By Joy Ferguson
NEW YORK, Feb 27 (IFR) - M&A and leveraged buyouts are set to increase but new debt issues to fund dividend payments, known as “dividend recaps”, are likely to slow down in 2013, according to a new Moody’s report.
Dividend recap activity flourished at the end of 2012 as private equity firms rushed in to beat anticipated increases to federal tax rates.
At least 52 debt-financed dividend recaps worth nearly US$15bn were recorded in the fourth quarter among rated US non-financial corporate deals - triple the average pace of the first three quarters of 2012.
Of that fourth quarter amount, Moody’s found that nearly two-thirds of the recaps were financed through the leveraged loan market, which may reflect limited prepayment penalties as compared to bond transactions. Another roughly 20% came from pay-in-kind notes, followed by 17% from other secured or unsecured notes in the bond market.
The report said that recap transactions became more aggressive over the course of the year. Among the fourth-quarter recap deals, 50% had pro forma leverage of 6x or higher, compared with more than 40% in the third quarter and about 25% in the first half of 2012. About 22% of the transactions in the last quarter were leveraged seven times or higher, compared with 7% in the third quarter and 11% in the first half.
Even so, Moody’s said it did not expect the busy recap pace to continue in 2013.
“With the tax issue resolved, we have already seen a slowdown in dividend recap volumes in the early part of 2013, suggesting that many transactions were pulled into 2012,” said Lenny Ajzenman, lead analyst of the report.
The fiscal cliff compromise reached on January 1 raised the dividend tax rate for high earners to 23.8% from 15%, including a 3.8% increase associated with the Affordable Care Act that passed in 2010.
Moody’s said that while dividend recaps are expected to slow form the high volumes at the end of 2012, this does not signal that investors are unwilling to accept more risk for higher returns.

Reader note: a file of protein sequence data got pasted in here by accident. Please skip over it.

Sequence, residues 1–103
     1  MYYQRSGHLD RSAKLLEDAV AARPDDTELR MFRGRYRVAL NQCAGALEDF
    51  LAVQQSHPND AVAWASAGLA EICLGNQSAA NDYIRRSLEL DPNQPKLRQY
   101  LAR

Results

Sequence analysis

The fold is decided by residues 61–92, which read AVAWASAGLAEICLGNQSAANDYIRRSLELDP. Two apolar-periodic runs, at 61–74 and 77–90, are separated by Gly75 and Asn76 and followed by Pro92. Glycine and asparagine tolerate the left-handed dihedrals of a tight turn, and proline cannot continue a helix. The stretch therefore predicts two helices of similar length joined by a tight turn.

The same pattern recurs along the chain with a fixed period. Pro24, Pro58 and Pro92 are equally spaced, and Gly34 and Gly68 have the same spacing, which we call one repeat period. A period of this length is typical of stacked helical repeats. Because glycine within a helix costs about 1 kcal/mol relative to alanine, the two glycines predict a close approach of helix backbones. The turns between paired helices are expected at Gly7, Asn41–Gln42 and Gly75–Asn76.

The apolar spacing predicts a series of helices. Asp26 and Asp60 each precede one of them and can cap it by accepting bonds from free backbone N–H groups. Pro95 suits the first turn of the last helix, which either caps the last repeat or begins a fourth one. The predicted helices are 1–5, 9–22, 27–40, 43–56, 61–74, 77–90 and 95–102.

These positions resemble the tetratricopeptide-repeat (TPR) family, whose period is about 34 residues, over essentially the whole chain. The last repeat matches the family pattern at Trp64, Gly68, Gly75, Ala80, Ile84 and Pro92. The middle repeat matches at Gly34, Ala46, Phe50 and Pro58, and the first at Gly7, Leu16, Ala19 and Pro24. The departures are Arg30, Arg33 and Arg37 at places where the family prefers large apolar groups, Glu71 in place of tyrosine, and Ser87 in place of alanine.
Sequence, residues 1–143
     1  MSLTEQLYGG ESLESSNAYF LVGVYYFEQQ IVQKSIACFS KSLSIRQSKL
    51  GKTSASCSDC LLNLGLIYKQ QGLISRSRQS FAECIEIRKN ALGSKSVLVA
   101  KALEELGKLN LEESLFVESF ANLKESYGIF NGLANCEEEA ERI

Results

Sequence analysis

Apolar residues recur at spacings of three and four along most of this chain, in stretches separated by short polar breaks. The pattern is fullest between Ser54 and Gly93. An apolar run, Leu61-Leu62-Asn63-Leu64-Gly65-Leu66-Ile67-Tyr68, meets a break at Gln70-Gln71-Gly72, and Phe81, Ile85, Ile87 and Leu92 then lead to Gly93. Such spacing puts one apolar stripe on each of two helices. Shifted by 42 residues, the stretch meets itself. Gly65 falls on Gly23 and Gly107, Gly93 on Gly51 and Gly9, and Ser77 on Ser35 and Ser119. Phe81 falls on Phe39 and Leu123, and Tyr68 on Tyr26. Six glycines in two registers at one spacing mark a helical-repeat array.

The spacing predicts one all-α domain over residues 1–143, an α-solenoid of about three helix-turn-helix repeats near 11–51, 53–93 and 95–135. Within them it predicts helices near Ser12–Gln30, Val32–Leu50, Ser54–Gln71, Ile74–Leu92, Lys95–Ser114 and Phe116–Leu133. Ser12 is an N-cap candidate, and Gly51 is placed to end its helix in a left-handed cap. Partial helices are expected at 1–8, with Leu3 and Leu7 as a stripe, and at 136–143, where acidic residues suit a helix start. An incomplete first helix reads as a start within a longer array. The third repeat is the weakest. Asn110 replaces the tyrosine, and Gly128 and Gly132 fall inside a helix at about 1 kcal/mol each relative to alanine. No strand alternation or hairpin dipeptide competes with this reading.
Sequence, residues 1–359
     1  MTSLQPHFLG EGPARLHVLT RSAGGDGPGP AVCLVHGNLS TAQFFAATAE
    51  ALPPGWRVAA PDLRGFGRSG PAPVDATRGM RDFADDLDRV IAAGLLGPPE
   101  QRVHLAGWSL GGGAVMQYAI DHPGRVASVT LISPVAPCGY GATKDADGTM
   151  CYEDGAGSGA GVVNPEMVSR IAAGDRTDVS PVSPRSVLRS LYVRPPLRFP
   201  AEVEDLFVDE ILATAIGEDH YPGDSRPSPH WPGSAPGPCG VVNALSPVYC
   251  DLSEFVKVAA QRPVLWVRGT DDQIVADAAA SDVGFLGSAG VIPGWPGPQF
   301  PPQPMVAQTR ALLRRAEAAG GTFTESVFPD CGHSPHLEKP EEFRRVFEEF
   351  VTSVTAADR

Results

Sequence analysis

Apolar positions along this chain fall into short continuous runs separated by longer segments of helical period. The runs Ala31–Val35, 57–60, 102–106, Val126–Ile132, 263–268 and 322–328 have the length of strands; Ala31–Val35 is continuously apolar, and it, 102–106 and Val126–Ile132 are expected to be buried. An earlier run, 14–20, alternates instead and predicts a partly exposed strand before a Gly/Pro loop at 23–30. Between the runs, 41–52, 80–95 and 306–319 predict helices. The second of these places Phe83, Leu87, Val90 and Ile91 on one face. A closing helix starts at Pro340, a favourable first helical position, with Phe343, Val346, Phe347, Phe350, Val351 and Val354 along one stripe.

“Over the near term, we think that yield-hungry investors will continue to accept aggressive structures, leverage above six times, PIK notes and covenant-lite packages as a consequence of today’s low interest rates and moderating downside risks to the economy,” said Ajzenman.
“However, an increase in investor perceptions of economic or interest-rate risks could lead to risk aversion and a demand for more conservative structures.”
Since the start of the year, four PIK toggle issues have priced in the high-yield market from Nord Anglia Education AEUH.UL], Burlington Holdings, Neovia Logistics Intermediate Holdings and Orion Engineered Carbons Finance.
Overall, most activity in the bond and loan markets this year has come from refinancing and repricings. However, recent M&A and LBO announcements, such as from Dell, seem to “presage that larger-scale LBOs will be achievable in 2013,” said Ajzenman.
“We expect deal activity to get a boost in 2013 given strong cash balances at many companies, sponsors with significant untapped equity commitments, a benign default rate forecast, favorable credit market conditions and signs of moderating economic risk,” he said.
Earlier this month, Dell released details on its financing plans for its US$24.4bn buyout. The debt financing is expected to consist of a US$4bn senior secured term loan B facility, a US$1.5bn senior secured term loan C facility, a US$2bn ABL facility, and US$3.25bn of bonds, comprising US$2bn first lien notes and US$1.25bn second lien notes.
Credit Suisse is left lead on the notes offerings, while BofA Merrill is lead arranger on the loans. The deal will also include a US$1.9bn term commercial receivables financing facility and a US$1.1bn revolving consumer receivables financing facility.
New M&A supply will also come from Heinz through its US$28bn acquisition by Berkshire Hathaway and 3G and from Constellation Brands.
For the Heinz deal, JP Morgan and Wells Fargo have committed to provide US$14.1bn of new debt financing, consisting of US$8.5bn of US dollar senior secured term loan B-1 and B-2 facilities, USD$2bn of euro/sterling senior secured term loan B-1 and B-2 facilities, a US$1.5bn senior secured revolver and a US$2.1bn second lien bridge loan.
Constellation Brands on Tuesday provided more details of its Crown Imports and Piedras brewery acquisition financing. BofA Merrill, JP Morgan, Rabobank, Barclays, Wells Fargo, Mitsubishi UFJ Securities and HSBC will provide US$1.85bn term loan A bridge loan and a US$2.525bn bridge loan B to backstop the deal.
The bridge loan A will be reduced by any senior notes sold, and the bridge loan B will be reduced by any new term loans incurred, or by draws on its revolver, A/R credit facility or cash on hand.
Constellation is acquiring the 50% of Crown Imports that it does not already own for US$1.85bn. In addition, it is acquiring Compania Cervecera de Coahuila, Grupo Modelo’s state-of-the-art brewery and its perpetual brand licenses in the US for US$2.9bn from Anheuser-Busch InBev.